Wednesday, February 27, 2013

“Freedom isn’t free!”


Hell; in Brunswick, it isn’t even affordable.

The title above is a reminder that the American experiment, based on personal liberty and Government by consent of the governed, carries with it a cost to maintain those ideals.

As long as we’re into tried and true bromides, we might as well roll out “all politics is local.”

This post combines the two, more or less, at least as our idiosyncratic intellect sees it.

About six months ago, we posted this item, which we hope you will re-read to provide context for this post.  It talks of Brunswick School Superintendent Paul Perzanoski’s memo to his staff back then.

A related post can be found here.  It’s amazing how soon we forget what transpired in ‘the public square,’ even just slight months ago.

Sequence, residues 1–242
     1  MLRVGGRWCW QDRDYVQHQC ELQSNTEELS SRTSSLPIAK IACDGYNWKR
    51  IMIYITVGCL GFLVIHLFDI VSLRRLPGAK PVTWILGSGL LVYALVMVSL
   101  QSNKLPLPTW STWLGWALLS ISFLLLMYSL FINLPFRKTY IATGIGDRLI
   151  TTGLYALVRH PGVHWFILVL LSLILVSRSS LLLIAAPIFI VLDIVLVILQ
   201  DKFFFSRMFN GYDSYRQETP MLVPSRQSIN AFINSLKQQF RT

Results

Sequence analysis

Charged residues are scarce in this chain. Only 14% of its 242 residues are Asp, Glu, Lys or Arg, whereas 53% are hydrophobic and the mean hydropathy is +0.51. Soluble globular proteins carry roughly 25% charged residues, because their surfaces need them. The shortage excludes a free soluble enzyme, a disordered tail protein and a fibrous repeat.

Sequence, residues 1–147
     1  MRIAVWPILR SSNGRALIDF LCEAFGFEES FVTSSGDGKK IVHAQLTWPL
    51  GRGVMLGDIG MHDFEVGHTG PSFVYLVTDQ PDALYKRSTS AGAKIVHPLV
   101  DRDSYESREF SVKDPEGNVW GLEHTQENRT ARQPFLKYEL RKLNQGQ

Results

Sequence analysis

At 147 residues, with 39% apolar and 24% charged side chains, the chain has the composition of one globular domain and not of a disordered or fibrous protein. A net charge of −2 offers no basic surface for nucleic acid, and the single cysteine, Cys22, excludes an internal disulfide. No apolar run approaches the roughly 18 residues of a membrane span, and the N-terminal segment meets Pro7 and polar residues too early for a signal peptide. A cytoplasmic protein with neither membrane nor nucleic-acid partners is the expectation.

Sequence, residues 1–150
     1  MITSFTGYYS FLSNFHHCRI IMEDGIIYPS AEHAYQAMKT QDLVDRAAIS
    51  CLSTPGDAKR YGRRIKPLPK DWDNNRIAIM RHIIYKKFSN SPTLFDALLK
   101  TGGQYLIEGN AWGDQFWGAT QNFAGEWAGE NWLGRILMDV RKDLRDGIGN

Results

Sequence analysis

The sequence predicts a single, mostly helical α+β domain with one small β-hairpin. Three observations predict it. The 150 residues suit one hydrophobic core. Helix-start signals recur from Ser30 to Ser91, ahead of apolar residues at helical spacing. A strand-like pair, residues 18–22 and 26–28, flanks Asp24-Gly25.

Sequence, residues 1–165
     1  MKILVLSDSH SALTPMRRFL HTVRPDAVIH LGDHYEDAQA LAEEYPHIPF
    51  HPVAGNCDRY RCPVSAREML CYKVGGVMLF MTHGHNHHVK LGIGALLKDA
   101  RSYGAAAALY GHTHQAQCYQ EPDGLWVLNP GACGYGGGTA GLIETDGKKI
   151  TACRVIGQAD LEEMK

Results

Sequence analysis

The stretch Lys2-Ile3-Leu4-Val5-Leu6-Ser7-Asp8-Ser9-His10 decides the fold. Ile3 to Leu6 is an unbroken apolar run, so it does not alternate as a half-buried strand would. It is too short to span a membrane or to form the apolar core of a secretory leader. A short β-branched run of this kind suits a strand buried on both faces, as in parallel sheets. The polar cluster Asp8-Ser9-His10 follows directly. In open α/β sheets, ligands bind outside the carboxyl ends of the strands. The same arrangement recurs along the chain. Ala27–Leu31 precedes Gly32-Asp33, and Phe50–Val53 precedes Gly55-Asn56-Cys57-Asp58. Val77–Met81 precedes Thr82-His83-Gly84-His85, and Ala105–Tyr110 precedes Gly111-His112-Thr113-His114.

At that time, we submitted a “Freedom of Access” request to the School Department that read as follows:

To: James Grant, Brunswick School Board Chair

cc: School Board Members; School Superintendent

Subject: Freedom of Access Act Request (13 M.R.S.A. § 401 et seq.)

Date: 10 September 2012

From: Pem Schaeffer

Inspired by School Board Member Michelle Small’s thoughts on transparency in a column published last year (attached), I hereby request that the following documents be made available for my inspection:

1) Any and all School Board, School Department, and School Administration documents, including emails, memos, and any other forms of written communications that contain any of the words governor, LePage, governor’s office, Bowen, or legislature, and dated beginning 1 December 2010 up to the present.

2) Superintendent Paul Perzanoski’s contract(s) and all related performance reviews.

3) Any drafts of the August 17, 2012 Perzanoski memo to staff in which he criticized the governor.